A new study entitled CONCEIVE has been launched to understand more about pre-eclampsia, charting pregnancy from conception to birth.
The research, carried out by Imperial College, London, uses state-of-the-art monitoring and scanning equipment to collect cardiovascular data on women. The project will collect and analyse a range of measurements at Queen Charlotte’s & Chelsea Hospital to provide a comprehensive picture of early pregnancy.
Pre-eclampsia occurs in about five per cent of women and can be life-threatening for mother and baby. Severe pre-eclampsia contributes to about 15.9 per cent of maternal deaths in the UK and about 1,000 babies die each year because of the condition, mostly because of complications of early delivery.
Dr Lin Foo, Clinical Research Fellow at the Department of Surgery and Cancer at Imperial College London, who will be running CONCEIVE, said: “This is a unique project. It is a fantastic opportunity for women to have their pregnancy and cardiovascular status documented closely as part of the study, and the data collected will be invaluable in helping our understanding of certain mechanisms associated with pre-eclampsia.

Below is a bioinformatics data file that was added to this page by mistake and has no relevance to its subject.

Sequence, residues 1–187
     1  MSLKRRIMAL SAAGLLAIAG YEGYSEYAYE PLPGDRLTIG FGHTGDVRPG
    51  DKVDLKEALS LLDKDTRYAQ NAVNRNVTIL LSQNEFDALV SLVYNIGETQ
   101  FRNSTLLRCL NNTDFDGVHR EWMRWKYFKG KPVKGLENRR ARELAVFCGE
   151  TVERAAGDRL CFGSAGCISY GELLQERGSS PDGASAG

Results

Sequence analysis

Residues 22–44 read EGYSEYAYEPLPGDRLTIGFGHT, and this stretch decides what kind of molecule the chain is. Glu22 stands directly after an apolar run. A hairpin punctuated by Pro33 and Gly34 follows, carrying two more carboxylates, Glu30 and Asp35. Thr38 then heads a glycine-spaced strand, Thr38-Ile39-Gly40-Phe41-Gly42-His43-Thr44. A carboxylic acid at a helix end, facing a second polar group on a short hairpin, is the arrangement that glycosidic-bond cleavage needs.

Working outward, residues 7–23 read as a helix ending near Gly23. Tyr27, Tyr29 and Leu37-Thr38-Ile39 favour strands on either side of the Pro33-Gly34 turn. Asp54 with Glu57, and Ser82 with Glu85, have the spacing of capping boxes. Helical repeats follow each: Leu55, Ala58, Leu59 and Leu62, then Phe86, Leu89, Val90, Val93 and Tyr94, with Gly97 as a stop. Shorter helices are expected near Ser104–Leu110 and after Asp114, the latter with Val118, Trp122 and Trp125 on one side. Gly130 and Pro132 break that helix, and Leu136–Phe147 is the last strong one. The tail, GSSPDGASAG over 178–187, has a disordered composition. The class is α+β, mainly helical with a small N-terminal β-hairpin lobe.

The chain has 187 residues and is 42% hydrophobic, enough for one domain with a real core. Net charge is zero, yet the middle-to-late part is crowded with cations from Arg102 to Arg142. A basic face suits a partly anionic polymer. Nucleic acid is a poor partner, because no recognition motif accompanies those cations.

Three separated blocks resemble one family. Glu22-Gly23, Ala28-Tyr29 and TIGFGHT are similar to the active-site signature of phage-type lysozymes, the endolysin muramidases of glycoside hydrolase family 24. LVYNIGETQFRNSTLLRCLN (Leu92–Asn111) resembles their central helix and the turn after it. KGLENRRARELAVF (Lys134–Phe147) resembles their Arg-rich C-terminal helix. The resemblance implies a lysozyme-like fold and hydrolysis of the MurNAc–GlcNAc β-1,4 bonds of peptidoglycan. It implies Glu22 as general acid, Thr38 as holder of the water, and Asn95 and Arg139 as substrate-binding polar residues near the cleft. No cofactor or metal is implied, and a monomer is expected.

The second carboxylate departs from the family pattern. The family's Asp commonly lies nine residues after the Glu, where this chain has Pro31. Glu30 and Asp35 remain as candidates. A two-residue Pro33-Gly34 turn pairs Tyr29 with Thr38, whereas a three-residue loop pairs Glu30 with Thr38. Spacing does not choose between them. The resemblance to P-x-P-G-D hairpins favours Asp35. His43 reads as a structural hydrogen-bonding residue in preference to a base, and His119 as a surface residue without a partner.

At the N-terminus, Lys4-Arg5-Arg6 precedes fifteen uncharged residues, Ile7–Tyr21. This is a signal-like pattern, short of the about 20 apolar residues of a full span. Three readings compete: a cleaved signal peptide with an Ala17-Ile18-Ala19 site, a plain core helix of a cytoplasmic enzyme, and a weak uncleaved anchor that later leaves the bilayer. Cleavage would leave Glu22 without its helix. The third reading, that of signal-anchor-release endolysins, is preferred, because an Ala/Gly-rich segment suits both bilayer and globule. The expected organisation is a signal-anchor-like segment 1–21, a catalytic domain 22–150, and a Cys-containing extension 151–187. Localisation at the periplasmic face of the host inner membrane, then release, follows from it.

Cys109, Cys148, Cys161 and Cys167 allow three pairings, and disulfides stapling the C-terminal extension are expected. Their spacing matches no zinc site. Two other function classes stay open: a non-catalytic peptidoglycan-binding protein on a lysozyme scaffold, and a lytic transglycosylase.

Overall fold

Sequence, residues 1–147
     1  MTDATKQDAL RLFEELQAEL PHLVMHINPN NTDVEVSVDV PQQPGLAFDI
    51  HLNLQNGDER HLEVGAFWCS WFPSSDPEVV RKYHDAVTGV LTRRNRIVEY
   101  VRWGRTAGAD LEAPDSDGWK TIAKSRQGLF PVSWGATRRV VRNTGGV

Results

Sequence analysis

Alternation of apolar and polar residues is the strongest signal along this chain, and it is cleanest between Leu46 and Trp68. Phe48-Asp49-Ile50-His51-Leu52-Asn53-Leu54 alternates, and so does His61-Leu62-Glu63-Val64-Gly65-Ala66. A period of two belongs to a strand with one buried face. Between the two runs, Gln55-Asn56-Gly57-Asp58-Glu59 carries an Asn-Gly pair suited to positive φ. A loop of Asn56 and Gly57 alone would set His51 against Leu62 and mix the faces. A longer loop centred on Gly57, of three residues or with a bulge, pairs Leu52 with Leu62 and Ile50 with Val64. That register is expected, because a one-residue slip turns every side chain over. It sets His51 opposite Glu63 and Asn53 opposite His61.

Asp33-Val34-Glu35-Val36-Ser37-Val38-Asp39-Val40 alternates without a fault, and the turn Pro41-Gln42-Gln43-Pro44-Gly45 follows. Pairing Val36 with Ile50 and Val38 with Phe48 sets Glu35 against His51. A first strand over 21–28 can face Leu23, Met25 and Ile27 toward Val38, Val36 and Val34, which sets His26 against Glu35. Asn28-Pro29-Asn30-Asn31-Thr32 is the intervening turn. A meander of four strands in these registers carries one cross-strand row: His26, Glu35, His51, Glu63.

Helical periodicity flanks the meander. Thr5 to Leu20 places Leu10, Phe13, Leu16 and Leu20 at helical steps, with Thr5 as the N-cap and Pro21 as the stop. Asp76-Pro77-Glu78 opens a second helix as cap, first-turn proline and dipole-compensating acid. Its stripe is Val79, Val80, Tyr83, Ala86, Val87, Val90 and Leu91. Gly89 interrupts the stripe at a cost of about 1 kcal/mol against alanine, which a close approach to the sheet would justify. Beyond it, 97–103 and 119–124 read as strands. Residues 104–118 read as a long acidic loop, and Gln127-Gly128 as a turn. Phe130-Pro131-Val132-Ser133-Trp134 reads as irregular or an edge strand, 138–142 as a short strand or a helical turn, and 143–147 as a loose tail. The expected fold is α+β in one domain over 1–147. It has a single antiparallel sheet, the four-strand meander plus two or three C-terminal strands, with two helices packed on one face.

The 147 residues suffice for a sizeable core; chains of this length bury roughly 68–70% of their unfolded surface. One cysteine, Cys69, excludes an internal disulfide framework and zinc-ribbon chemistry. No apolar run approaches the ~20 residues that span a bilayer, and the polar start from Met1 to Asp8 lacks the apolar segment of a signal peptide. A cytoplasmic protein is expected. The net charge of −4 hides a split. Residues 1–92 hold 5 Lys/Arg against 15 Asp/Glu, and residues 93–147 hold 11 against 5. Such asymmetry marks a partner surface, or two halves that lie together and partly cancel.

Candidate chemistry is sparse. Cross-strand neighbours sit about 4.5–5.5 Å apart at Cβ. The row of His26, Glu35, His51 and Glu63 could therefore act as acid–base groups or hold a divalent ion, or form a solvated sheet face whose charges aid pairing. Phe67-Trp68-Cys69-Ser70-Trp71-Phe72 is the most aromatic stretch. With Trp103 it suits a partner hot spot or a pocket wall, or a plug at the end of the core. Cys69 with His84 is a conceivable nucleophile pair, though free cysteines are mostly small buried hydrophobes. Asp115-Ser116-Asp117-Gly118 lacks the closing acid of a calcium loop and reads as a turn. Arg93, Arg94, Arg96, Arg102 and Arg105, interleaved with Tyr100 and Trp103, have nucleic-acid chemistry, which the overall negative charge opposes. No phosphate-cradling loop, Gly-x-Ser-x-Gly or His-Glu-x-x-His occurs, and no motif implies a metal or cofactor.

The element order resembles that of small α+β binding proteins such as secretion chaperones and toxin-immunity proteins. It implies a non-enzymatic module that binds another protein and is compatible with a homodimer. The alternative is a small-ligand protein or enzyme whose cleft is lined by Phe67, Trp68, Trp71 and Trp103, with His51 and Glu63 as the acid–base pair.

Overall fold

“By charting pregnancy from the very start and in such detail, we hope to identify factors that may be associated with the development of this disorder.”
The CONCEIVE project will aim to recruit 600 women who are planning to start a family and follow them over 12 months. The women will have an initial assessment, which will include various cardiovascular tests, such as detailed assessments of blood pressure, and cardiac output - the amount of blood pumped by the heart per minute. These tests are all safe and non-invasive, and will provide a much more comprehensive picture of cardiovascular health and information on any changes that occur during pregnancy.
Participants will also be provided with a fertility monitor to chart their fertility-associated hormone levels, and tests for pregnancy. This will provide valuable data on early pregnancy, including the date of conception and implantation of the fertilised egg to the wall of the womb.
If participants become pregnant, in addition to standard scans at 12 and 20 weeks, which will be carried out as normal in their own hospitals, they will have a series of four scans at 6, 10, 24 and 34 weeks gestation. At these times the mothers will also have cardiovascular measures taken as well as blood and urine tests.
The project will be based at Queen Charlotte’s & Chelsea Hospital in west London with collaborators from the University of Cambridge. It is funded by the National Institute for Health Research (NIHR) Imperial Biomedical Research Centre (BRC) and Imperial College Healthcare Charity.